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Growing up I’d always been anywhere from underweight to average with a couple chubby phases in my pre-teens and teens. I actually got into modeling work for nearly 10 years and I found myself having to take time off in 2008..At least I thought it would just be little while. Between anxiety, being fairly active and a high metabolism, I never had trouble losing weight until In 2007 out of nowhere, I found myself rapidly gaining a lot of weight. All together I had gained about 60-70 lbs in well under a year without my diet or lifestyle ever changing and I’d always been a light, picky eater. I went from a usual size 5-7 to 15 or S/M to XL/XXL. I got back into yoga, pilates and even bought a Total Gym. Working out and dieting even I wasn’t losing even so much as water wieght. I was notiing a whole host of new symptoms. From purple stretch marks, gaining weight, my fingers, toes and palms of hands constantly bright red. Weight gain/appearing swollen only in my torso and upper body, to even my features changing. Adema, constantly craving and eating ice. My once heart shaped face was now completely round and full starting from the top of my ears. I appeared more swollen than anything.

My first endo diagnosed me with hypothyroidism. He was the first to suggest Cushings and my first 24 UFC was 4 times higher than normal and the next was slightly above normal. The rest after that were in the normal ranges. Eventually hypothyroidism was ruled out after routine tests came back normal without taking the Synthroid and telling my doctor I was. Once I admitted it, he was so angry I proved him wrong that he dismissed me as a patient.

I was sent to another Endo and a specialist he referred me to. The next endocrinologist ended up being the most arrogant, rude person I’ve ever met and the few appointments I had with him ended up being mostly arguments or me breaking down into full blown panic attacks. The specialist I seen and his fellow who are supposed to be the best in my state initially believed I have Cushings once they went over my symptoms, medical history and photos documenting my physical changes. The specialist and my past endocrinologists even had grand round meetings on my case and still blew me off!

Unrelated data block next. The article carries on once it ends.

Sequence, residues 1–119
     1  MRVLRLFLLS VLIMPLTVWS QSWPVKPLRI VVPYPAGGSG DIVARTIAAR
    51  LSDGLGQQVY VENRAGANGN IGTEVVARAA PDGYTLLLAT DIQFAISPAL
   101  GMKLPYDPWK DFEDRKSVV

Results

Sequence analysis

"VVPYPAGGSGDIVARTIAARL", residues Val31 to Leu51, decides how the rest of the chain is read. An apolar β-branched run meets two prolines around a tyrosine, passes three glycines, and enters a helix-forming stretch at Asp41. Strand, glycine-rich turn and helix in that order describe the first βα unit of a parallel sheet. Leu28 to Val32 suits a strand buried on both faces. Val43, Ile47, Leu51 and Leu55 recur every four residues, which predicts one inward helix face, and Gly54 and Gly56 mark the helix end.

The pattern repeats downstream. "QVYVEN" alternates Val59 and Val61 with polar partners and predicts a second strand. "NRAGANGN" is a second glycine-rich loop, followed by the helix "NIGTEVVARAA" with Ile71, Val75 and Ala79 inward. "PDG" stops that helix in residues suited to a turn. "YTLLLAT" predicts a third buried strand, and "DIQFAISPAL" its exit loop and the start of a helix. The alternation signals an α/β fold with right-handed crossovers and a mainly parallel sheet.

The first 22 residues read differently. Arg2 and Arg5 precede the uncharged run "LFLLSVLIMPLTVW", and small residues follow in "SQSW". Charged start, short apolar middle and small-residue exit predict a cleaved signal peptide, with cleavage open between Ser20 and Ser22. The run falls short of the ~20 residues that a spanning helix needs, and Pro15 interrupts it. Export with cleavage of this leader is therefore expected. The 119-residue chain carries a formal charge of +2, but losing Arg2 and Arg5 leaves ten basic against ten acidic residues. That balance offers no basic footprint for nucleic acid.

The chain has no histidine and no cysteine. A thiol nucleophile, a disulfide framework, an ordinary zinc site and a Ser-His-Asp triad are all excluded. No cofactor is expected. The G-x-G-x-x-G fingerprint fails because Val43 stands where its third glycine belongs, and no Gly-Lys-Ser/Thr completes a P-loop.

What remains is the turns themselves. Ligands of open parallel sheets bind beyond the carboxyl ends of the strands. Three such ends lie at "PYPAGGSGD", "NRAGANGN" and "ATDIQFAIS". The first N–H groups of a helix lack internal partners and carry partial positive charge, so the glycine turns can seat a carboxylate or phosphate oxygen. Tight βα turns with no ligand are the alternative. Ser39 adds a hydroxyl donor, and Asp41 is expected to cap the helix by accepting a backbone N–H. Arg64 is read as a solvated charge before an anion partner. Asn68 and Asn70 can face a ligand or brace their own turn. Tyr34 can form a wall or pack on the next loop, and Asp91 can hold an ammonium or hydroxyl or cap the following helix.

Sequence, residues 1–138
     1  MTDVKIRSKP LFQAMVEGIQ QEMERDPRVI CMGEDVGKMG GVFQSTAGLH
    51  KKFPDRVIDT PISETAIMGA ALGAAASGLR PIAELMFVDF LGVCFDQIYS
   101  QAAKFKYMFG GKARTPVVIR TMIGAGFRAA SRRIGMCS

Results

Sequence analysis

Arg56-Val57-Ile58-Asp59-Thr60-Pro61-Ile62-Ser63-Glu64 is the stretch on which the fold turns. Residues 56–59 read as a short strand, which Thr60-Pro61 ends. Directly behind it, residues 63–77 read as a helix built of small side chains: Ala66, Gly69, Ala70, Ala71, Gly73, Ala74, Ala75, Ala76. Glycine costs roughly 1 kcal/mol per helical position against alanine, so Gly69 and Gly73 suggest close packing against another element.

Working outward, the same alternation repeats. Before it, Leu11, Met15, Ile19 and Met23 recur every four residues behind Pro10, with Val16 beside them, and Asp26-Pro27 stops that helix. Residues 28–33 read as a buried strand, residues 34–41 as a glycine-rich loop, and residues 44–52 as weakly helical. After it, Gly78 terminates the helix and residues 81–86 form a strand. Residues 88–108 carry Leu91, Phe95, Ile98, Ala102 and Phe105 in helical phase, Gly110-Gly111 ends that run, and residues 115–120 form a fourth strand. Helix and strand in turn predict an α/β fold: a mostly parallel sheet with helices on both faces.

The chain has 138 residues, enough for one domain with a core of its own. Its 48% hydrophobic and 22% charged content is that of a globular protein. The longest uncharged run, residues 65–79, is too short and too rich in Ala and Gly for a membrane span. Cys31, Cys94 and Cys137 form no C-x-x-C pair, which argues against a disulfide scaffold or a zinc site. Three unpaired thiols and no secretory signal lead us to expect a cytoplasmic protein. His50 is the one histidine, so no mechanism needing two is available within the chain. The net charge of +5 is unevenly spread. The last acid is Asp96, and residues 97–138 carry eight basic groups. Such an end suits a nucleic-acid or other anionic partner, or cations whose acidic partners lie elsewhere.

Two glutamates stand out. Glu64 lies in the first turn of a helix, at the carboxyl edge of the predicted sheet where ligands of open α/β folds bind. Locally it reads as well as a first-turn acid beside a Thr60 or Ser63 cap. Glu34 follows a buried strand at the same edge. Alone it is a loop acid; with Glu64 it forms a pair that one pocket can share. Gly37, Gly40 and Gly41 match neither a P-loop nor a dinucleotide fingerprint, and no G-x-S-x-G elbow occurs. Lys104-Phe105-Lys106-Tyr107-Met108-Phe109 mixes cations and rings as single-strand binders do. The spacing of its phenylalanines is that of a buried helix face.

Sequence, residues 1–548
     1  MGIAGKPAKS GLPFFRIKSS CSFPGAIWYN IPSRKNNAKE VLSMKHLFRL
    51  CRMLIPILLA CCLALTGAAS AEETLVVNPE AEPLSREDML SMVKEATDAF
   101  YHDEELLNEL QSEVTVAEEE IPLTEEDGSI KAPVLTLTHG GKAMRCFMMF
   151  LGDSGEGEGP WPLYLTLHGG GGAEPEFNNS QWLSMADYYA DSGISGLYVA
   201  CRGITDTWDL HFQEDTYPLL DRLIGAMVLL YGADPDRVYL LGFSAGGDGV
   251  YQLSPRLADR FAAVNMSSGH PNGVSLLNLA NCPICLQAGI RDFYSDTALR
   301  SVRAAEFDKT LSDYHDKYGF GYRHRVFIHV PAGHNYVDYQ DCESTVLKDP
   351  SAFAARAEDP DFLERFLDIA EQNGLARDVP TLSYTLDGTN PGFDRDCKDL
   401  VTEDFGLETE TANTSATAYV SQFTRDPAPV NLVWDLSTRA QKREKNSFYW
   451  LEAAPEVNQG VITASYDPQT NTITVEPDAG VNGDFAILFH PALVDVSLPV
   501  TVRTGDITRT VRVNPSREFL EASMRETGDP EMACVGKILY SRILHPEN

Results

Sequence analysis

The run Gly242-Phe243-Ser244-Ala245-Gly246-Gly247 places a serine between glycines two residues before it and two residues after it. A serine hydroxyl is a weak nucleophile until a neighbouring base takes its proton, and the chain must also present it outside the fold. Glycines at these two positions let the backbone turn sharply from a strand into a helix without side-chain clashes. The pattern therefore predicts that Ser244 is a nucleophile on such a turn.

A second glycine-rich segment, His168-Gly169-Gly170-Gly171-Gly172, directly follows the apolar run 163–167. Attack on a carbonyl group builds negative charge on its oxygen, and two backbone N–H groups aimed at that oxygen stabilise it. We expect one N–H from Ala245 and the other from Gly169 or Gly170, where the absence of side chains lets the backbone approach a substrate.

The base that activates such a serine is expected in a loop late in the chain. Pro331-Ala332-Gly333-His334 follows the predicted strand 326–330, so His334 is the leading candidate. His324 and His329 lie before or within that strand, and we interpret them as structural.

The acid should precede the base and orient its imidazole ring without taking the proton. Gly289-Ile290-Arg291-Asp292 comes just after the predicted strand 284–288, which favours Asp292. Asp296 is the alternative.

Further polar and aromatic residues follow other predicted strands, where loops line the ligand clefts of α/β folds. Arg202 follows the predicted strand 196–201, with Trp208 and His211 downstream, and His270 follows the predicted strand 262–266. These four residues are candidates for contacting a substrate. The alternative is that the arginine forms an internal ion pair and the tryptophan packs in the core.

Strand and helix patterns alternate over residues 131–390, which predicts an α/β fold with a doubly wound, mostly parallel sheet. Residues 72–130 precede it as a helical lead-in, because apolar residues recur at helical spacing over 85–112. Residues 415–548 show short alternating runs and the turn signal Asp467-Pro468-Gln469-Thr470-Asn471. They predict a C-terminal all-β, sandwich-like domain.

In 2008 I started having fluid/discharge from my right breast and after tons of testing to rule out breast cancer I was sent to surgery to remove the ducts. After this traumatic surgery, I still have fluid and from both breasts now that’s been ongoing for 6 years. Even after expalaining my situation and medical issues, I’m just told to lose weight. I went from completely normal sugar levels to borderline diabetic to “full blown” diabetic within a matter of months at the age of 26. I’ve seen numerous dieticians, nutrition and diabetic classes and no one can figure out why I’m not losing weight doing everything right. I was prescribed Metformin and lost a little over 20 lbs, but it was such a high dose it had to be lowered and I stopped losing any more weight.

Since everything started in 2007 it seems I’m adding more and more symptoms almost monthly to my already too long list with no answers as to why or what is causing them. I’ve done more research than some would consider humanly possible and probably more than some doctors I’ve seen! Reading blogs, forums, bio’s, etc. I can’t believe how many of the same symptoms I have as other patients. Mystery Diagnosis anymore is hard to watch relating so much to the stories I break down crying. The only symptoms I seem to be lacking is the constantly high cortisol, pronounced buffalo hump and thinning skin. Other than that I seem to have every single one, even the rarest or some I’ve never even seen associated. I’ve been offered so many possible diagnosis’, but nothing definitive. Everything from metabolic syndrome and PCOS to auto immune, parathyroid and that’s just your body!

I’ve seen or been pushed off on just about every specialist there is. At least my primary doctor admits there is something serious going on, but it’s over his head. Every single one of my other doctors, PA’s, surgeons or specialists believe I have Cushings, but I need an Endocrinologist to agree.

6 years later I still with labs all over the place, a list of literally 30+ symptoms and health problems because of this mystery disease that’s yet to be diagnosed. My Cortisol tests seem to be back and forth, but mostly showing low. My testosterone, ACTH and Insulin Like Growth Factor are all elevated. My vitamin D and iron are extremely low even with prescription strength vitamins. My white cell count is high enough to be sent to a cancer center to rule out different types of cancer. I was dagnosed with fattly liver disease and no answers as to why. Hair growth on my face and body, acne breakouts worse than I ever had in my teens. Chronic reoccuring skin, bacterial and viral infections.Dark pigmentation under my arms. Excessive sweating to the point my hair is soaked or sweat drips from my face in cool weather or shopping. Severe intolerance to heat. Growths or polyps on different organs without any further testing and more abnormal labs and symptoms than I can keep track of. I’m just at that point where I’m not sure if I give up and let it take me out or just keep searching for that one possible doctor who will listen and order the right tests.

All I know is I’ve lost so much of my life being so sick and disabled. Not working, not even modeling work on the side, no college to work with animals and be a veterinary tech, turning 30 and still not being able to get pregnant, going out and having fun like I should or even recognizing myself in the mirror. Loving swimming and summer, but can’t stand looking at myself or being engaged for over 5 years and pushing off a wedding because I don’t want to walk down the isle like this and look at my wedding photos remembering this time in my life.